Land use regression models for the oxidative potential of fine particles (PM2.5) in five European areas.

TitleLand use regression models for the oxidative potential of fine particles (PM2.5) in five European areas.
Publication TypeJournal Article
Year of Publication2017
AuthorsJ G, D M, C D, A MC, E vanNunen, MY T, N P-H, M E, M I, R D-S, A N, C G, A R, M N, A C, D D-G, M C, R V, P V, G H, FJ K
JournalEnvironmental Research
Date PublishedJanuary 2018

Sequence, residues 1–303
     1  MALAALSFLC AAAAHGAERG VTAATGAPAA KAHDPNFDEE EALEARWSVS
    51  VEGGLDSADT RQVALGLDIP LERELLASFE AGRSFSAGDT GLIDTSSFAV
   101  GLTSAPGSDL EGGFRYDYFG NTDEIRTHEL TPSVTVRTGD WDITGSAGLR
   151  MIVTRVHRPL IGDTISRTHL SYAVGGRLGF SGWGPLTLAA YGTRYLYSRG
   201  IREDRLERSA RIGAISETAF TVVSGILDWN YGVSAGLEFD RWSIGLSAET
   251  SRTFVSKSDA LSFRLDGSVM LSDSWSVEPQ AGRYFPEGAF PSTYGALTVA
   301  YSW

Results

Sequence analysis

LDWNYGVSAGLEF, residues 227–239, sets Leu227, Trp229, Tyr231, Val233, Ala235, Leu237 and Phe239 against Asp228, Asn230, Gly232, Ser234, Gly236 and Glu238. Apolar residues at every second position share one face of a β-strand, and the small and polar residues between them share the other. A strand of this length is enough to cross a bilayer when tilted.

Oxidative potential (OP) of particulate matter (PM) is proposed as a biologically-relevant exposure metric for studies of air pollution and health. We aimed to evaluate the spatial variability of the OP of measured PM2.5 using ascorbate (AA) and (reduced) glutathione (GSH), and develop land use regression (LUR) models to explain this spatial variability. We estimated annual average values (m-3) of OPAA and OPGSH for five areas (Basel, CH; Catalonia, ES; London-Oxford, UK (no OPGSH); the Netherlands; and Turin, IT) using PM2.5 filters. OPAA and OPGSH LUR models were developed using all monitoring sites, separately for each area and combined-areas. The same variables were then used in repeated sub-sampling of monitoring sites to test sensitivity of variable selection; new variables were offered where variables were excluded (p > .1). On average, measurements of OPAA and OPGSH were moderately correlated (maximum Pearson's maximum Pearson's R = = .7) with PM2.5 and other metrics (PM2.5absorbance, NO2, Cu, Fe). HOV (hold-out validation) R2 for OPAA models was .21, .58, .45, .53, and .13 for Basel, Catalonia, London-Oxford, the Netherlands and Turin respectively. For OPGSH, the only model achieving at least moderate performance was for the Netherlands (R2 = .31). Combined models for OPAA and OPGSH were largely explained by study area with weak local predictors of intra-area contrasts; we therefore do not endorse them for use in epidemiologic studies. Given the moderate correlation of OPAA with other pollutants, the three reasonably performing LUR models for OPAA could be used independently of other pollutant metrics in epidemiological studies.

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